Web is an artist, and the scene I referred to above is Rebecca learning from a master artist the art of empathy. She has quite a ways to go before she masters it, but doing the work has saved her from complete destruction at the hands of her old wounds.
Minor Pros/Cons (+/-)
+ Paul asks Strong, “When did you first suspect Cole Brandt was your rapist?” Very clever, writers, very clever.
+ This episode begins a running gag of Web making jokes, after having made fun of Paul for asking if he was joking in “Everything Nice” [1×02]
+ On a related note, I think that Peter Coyote is the real serial killer, because he absolutely slew me twice in this episode, the first being his glorious Martha Stewart not-joke…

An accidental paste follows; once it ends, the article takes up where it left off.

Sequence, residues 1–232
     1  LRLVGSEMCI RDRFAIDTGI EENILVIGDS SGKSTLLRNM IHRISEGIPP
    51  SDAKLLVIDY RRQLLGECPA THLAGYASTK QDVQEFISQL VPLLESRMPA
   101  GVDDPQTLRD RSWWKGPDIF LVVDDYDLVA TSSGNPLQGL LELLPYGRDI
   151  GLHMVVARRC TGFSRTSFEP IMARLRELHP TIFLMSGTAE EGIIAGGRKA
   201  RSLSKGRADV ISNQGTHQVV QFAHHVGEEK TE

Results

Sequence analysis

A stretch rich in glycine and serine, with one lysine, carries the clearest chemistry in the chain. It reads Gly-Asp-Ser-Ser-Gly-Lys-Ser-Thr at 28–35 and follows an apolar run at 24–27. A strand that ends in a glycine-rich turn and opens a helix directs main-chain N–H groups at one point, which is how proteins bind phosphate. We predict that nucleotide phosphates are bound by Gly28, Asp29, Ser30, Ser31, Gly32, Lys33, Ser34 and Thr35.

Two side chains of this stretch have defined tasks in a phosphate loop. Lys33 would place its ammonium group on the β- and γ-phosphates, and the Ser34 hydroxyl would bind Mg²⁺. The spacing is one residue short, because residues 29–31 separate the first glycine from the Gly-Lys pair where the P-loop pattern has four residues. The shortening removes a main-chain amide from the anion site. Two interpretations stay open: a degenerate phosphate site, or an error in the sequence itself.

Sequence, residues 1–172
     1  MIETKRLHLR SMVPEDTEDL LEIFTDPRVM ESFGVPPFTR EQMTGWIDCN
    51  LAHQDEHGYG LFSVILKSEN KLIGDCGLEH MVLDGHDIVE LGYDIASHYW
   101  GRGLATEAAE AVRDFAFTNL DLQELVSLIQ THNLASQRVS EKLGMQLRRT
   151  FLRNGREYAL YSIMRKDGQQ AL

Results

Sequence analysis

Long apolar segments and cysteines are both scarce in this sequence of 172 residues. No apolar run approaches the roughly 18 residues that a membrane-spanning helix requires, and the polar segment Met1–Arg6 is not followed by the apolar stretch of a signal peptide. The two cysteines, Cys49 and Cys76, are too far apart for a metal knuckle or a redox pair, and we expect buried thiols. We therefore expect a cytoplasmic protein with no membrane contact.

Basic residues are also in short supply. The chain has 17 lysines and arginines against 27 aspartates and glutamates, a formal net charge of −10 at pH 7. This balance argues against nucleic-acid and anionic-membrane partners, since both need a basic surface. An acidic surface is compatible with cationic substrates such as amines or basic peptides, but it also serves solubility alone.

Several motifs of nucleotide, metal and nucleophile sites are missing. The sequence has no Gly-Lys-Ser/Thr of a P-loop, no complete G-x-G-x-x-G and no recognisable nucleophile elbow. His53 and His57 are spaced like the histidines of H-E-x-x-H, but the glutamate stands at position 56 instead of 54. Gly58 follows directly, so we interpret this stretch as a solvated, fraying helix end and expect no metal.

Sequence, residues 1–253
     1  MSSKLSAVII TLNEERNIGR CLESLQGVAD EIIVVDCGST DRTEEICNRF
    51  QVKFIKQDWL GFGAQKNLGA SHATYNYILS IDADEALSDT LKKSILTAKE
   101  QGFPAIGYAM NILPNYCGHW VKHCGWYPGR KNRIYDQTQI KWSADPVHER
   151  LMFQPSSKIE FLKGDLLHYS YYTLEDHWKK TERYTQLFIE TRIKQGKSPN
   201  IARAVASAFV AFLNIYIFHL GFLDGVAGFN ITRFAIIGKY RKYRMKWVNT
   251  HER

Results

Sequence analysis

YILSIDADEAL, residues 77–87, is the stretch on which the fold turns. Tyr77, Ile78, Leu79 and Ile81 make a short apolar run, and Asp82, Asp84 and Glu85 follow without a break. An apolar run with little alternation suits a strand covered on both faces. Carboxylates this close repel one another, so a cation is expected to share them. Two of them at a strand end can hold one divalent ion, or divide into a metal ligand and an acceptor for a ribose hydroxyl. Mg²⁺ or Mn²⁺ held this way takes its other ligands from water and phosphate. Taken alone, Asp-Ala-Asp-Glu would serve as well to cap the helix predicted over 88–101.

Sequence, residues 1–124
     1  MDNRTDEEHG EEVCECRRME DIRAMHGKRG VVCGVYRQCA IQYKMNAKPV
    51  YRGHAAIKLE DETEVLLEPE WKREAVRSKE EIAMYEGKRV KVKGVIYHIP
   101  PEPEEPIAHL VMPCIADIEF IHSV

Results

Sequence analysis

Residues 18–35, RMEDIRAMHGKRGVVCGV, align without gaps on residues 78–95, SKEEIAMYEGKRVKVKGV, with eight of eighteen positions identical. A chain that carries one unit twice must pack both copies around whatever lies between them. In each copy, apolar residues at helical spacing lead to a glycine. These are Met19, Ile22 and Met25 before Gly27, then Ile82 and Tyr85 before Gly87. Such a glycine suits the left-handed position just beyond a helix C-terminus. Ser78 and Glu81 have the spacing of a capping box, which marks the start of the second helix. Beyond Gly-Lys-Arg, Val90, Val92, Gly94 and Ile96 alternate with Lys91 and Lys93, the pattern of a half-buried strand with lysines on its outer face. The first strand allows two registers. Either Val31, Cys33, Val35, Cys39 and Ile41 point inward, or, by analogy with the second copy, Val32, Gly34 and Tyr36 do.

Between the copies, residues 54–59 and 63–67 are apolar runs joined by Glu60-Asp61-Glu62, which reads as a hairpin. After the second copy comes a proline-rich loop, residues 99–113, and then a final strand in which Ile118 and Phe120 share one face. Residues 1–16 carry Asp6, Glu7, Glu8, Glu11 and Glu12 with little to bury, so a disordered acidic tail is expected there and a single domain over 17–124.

+ And the second being that big smile on his face when Paul and Rebecca reach the point where she is kissed in their reenactment of the Brandt encounter.
+ For some reason it took me while, but I finally caught on to the similarities between Paul and George Skoll, the Christian doorman. George is a lone bastion of light in an organization of empty people who are trying to fill their dark souls. He is “all about the light.” Like Paul, he wants to save their souls, but, like Rebecca, the women go to Brandt (“Web”) instead.